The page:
Add the Aromatics

The ginger and scallion in this dish are for flavor only, so they don't have to be cut up in a particular way, according to Dunlop. She tells Chan to use the flat of her knife blade to "smack the ginger and scallion to loosen it up" before adding it to the wok along with a piece of star anise and cassia bark (cinnamon is an easy substitute). "You are extracting the fragrance," Dunlop instructs. "Use your nose to tell when it's ready. It should be smelling wonderful."

Prepare to Braise

Once the pork is seared, add Shaoxing wine. "Give it a good stir, like when cooking with sherry or other alcohol," says Dunlop. Next up, add 3 cups of chicken or pork stock, though you can use water if that's all you have. "The flavors of the soy, wine and sugar will help," says Dunlop.

Add the Eggs

Dunlop instructs Chan to lower in the eggs gently. With them go 2 tablespoons dark soy sauce and some sugar. Dunlop often uses superfine sugar because it dissolves quickly. Rock sugar also works. "It has a nice caramelized flavor." She advises wrapping rock sugar in a towel and hitting it a few times with the back of a cleaver or rolling pin to break it up before using. 

A Low-Maintenance Stew

Bring the ingredients to a boil and then cover and simmer for 45 minutes. You don't need to skim the liquid, Dunlop explains. "There is very little froth because of the blanching of the pork first." The first phase is done when the eggs take on the color of the soy sauce and the pork is cooked: "The Chinese like the pork to be tender with a bit of spring in it. Westerners may like to cook it longer to make it more tender," says Dunlop. Don't be put off by the fat on the meat. "It's the most delicious part."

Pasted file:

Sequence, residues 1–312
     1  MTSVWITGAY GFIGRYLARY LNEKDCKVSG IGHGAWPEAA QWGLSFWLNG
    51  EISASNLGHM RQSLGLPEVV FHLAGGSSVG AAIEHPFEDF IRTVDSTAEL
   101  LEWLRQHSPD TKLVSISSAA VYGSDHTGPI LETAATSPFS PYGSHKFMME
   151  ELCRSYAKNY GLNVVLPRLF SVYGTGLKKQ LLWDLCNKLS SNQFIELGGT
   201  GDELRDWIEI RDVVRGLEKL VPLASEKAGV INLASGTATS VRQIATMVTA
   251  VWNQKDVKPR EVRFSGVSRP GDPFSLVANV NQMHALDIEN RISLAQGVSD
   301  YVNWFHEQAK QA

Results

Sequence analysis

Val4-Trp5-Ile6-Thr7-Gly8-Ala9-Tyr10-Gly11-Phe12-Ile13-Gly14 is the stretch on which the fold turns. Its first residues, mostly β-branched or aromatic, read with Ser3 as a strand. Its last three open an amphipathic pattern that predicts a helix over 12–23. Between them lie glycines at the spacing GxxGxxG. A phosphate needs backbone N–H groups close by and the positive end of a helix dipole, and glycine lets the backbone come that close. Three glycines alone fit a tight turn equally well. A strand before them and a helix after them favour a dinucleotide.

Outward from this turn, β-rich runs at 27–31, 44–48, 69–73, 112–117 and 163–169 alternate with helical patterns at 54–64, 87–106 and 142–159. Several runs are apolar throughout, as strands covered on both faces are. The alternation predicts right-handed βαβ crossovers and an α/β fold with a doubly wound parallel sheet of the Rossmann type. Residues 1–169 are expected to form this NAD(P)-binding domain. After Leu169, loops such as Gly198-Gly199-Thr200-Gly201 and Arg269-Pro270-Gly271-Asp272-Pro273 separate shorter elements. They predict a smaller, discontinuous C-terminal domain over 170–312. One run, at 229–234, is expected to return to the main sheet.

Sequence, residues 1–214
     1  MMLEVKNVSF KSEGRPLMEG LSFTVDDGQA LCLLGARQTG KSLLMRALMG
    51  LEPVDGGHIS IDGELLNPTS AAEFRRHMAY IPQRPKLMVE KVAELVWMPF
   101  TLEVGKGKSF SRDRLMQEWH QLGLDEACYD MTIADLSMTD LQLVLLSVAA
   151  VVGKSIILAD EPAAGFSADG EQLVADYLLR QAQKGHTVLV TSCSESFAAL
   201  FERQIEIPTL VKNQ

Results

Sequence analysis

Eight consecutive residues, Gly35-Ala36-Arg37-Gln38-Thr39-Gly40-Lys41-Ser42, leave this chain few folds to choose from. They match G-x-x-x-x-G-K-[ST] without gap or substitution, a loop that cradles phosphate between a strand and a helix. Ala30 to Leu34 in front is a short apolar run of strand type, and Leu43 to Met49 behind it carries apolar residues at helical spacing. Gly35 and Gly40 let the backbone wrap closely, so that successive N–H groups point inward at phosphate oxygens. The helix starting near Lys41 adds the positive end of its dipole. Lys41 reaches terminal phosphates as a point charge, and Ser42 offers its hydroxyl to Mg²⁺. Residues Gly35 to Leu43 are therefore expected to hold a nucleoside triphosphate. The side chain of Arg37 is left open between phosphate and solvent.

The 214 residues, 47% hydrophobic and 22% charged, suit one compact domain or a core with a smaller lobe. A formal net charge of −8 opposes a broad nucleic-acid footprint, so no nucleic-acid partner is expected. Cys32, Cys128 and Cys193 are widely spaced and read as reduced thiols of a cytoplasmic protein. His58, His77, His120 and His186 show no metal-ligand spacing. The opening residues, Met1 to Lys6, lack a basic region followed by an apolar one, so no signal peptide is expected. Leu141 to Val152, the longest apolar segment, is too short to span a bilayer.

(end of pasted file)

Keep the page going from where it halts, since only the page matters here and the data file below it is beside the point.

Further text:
Chill and Skim

After the first cook, the stew is transferred to a bowl and refrigerated overnight so the fat can rise to the surface and solidify. "There is a nice thick layer," says Dunlop inspecting a batch prepared the day before in anticipation of her visit. "Remove the fat. Underneath you get a gorgeous gelatinous stock. Definitely don't throw away the fat. You can keep it in the fridge 3 days; I freeze it to add to a mushroom stir fry or bamboo stir fry. It's terrific. Even with stir fry green vegetables; the fat makes it magically delicious." 

Work Low and Slow

Transfer the remaining contents of the bowl to a wok. "Heat it gently to warm the jelly and so the eggs don't fall apart. They sort of tighten up," says Dunlop. "As the stew loosens pick out the spices — the ginger, scallion, star anise and bark — with your chopsticks. They are not so pleasant to come across when you eat."

Reduce and Redden

Stirring constantly, boil the stew until it is reduced by half. Dunlop then adds 1/2 tablespoon of dark soy sauce "to give it a richness of color on the outside of the meat." 

Homecoming Winner

A side of white rice and a simple green, like stir-fried bok choy, turns the pork stew into a full meal. Dunlop's recipe yields 6 to 8 servings, though we stretched it to twice that because everyone at Food Network Kitchen was eager for a taste. To make your own Shanghai Red-Braised Pork with Eggs, get the recipe here.

 

Ready to stock your Chinese pantry? Get a list of Dunlop's must-have items. Then try your hand at her Shanghai Stir-Fried Chunky Noodles and Crisp Seaweed with Peanuts.